Mass. Eye and Ear Granted $30, 000 Medical Student Eye Research Fellowship
Contact: Mass. Eye and Ear Public Affairs
Boston (Jan. 23, 2012) — Research to Prevent Blindness (RPB) has awarded Massachusetts Eye and Ear, a teaching affiliate of Harvard Medical School, a $30,000 Medical Student Eye Research Fellowship. The award will support the work of Ms. Mamta Shah.
The award will allow Ms. Shah to participate in research under the mentorship of Mass. Eye and Ear Glaucoma Service Director Dr. Louis Pasquale in collaboration with Dr. Suzanne Freitag, Director of the Mass. Eye and Ear Ophthalmic Plastic Surgery Service. Their study will pursue the development of an algorithm to objectively evaluate anatomical changes in the eye believed to be associated with certain types of eye drops used to treat glaucoma.
“We are grateful to Research to Prevent Blindness for their continued support of eye research at Mass. Eye and Ear. They are one of the important contributors to our effort to find better treatments for patients with debilitating eye conditions,” said Dr. Joan W. Miller, Chief of Ophthalmology at Mass. Eye and Ear and Mass General, and Chair of Ophthalmology at Harvard Medical School.
RPB is the world’s leading voluntary organization supporting eye research. Since it was founded in 1960, RPB has channeled hundreds of millions of dollars to medical institutions for research into the causes, treatment and prevention of blinding eye diseases. For information on RPB, go to www.rpbusa.org.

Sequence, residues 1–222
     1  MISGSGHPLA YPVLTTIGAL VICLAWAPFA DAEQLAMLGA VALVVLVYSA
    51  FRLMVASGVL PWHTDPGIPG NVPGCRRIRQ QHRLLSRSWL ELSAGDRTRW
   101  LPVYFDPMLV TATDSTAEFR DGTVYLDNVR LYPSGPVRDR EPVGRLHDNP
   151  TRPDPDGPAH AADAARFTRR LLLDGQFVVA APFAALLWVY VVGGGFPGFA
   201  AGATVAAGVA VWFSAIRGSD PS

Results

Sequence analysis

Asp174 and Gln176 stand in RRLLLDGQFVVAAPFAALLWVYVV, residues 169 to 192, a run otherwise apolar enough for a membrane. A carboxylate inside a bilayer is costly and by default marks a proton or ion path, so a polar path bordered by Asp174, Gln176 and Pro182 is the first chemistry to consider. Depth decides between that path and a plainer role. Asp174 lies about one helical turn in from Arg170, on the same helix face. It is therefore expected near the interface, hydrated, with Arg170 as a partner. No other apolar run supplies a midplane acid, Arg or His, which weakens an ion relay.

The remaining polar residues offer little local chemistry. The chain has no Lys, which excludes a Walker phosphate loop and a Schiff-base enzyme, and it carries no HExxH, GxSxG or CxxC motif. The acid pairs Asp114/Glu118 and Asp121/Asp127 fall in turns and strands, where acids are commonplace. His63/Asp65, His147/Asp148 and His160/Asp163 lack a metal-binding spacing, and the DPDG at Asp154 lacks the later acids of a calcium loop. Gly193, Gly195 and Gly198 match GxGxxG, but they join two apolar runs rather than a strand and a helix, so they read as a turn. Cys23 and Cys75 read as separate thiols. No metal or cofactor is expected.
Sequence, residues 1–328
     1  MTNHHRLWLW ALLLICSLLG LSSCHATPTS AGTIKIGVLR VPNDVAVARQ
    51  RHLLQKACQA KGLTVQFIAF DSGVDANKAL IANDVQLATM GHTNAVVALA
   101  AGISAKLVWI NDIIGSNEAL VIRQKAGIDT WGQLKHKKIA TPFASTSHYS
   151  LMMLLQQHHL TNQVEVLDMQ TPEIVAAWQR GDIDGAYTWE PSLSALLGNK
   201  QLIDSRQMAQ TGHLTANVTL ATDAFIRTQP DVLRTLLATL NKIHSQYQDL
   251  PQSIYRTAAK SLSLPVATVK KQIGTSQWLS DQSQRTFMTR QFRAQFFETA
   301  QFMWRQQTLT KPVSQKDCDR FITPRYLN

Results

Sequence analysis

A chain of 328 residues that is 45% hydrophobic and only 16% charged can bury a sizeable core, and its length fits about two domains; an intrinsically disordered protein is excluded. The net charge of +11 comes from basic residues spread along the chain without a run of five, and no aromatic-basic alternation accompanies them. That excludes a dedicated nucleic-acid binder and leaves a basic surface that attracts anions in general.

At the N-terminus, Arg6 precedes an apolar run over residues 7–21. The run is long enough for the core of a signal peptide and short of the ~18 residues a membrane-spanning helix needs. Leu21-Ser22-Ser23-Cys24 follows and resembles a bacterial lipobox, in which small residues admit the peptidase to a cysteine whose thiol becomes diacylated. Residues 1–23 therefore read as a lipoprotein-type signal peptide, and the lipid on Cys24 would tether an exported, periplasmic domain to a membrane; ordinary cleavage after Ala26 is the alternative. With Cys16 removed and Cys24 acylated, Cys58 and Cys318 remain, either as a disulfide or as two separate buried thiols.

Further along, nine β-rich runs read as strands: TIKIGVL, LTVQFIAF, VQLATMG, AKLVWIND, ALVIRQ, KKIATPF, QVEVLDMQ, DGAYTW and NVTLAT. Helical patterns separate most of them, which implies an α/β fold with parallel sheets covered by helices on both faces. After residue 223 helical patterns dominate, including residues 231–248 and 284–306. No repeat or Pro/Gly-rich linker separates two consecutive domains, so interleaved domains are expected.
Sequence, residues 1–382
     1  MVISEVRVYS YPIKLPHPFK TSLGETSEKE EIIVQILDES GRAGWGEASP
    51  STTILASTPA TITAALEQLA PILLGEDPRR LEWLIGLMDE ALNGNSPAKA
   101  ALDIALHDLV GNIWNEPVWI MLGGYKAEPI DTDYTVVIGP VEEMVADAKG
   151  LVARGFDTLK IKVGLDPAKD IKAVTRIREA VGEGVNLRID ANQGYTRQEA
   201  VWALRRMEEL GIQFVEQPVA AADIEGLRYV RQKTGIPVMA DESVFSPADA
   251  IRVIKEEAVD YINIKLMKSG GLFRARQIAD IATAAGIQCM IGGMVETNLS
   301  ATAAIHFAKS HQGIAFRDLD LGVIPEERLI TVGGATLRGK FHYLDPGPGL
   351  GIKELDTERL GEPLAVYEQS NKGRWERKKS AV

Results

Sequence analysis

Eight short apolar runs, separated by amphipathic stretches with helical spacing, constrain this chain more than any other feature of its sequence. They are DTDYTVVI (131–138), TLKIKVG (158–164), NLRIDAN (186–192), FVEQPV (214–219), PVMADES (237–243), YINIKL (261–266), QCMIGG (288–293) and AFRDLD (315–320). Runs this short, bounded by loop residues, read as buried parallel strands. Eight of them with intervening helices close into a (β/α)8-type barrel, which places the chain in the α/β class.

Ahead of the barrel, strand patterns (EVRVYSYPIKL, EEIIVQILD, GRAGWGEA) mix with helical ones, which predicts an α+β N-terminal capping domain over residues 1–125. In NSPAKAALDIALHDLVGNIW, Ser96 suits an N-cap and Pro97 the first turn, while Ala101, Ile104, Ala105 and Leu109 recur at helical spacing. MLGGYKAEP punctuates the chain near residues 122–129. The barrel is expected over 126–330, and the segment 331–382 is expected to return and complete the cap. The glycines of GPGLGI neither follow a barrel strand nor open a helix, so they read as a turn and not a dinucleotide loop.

About Mass. Eye and Ear
Founded in 1824, Massachusetts Eye and Ear Infirmary is an independent specialty hospital providing patient care for disorders of the eye, ear, nose, throat, head and neck. Mass. Eye and Ear is an international leader in Ophthalmology and Otolaryngology research and a teaching partner of Harvard Medical School. In June 2011, the Massachusetts Eye and Ear Infirmary and Schepens Eye Research Institute joined forces to form the world’s largest and most robust private basic and clinical ophthalmology research enterprise. For more information, call 617-523-7900 or visit http://www.masseyeandear.org/.
Dr. Song remembers quite clearly the day he decided to become an ophthalmologist. He was a medical student at the New York University School of Medicine, completing his ophthalmology rotation, when he witnessed the life-changing impact that a corneal transplant had for a patient with severe keratoconus.
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